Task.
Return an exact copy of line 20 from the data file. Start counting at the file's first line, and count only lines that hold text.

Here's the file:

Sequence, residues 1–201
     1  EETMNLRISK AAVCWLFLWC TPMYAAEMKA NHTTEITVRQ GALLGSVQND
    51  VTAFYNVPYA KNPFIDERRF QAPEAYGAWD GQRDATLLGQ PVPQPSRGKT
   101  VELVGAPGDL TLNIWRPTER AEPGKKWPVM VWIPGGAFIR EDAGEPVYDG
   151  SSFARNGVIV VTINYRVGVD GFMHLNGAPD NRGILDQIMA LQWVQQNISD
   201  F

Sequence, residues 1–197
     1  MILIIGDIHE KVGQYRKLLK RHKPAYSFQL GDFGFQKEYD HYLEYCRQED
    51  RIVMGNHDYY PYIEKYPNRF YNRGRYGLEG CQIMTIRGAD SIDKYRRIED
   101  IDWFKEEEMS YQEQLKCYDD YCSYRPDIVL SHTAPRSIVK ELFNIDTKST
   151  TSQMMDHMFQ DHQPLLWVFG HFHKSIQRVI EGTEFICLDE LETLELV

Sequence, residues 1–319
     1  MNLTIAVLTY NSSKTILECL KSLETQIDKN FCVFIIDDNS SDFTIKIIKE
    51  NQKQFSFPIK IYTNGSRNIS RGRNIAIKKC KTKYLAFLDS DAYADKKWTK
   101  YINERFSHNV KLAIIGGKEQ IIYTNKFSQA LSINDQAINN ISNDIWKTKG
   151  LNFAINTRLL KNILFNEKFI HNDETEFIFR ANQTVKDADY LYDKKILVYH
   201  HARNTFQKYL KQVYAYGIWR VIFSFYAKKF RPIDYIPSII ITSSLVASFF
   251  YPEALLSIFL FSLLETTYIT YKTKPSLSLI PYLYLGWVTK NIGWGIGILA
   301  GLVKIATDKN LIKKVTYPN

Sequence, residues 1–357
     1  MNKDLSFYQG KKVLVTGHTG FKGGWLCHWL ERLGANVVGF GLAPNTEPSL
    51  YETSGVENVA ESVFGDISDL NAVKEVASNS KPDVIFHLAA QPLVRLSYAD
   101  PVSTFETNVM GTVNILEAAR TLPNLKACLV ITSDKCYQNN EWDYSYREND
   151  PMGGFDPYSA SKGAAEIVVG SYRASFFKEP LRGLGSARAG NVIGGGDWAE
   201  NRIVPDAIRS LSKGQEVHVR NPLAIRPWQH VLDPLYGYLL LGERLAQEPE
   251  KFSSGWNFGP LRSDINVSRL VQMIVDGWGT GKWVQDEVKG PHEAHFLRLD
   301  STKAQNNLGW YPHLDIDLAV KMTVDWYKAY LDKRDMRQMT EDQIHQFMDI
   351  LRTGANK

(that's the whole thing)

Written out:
Sequence, residues 1–357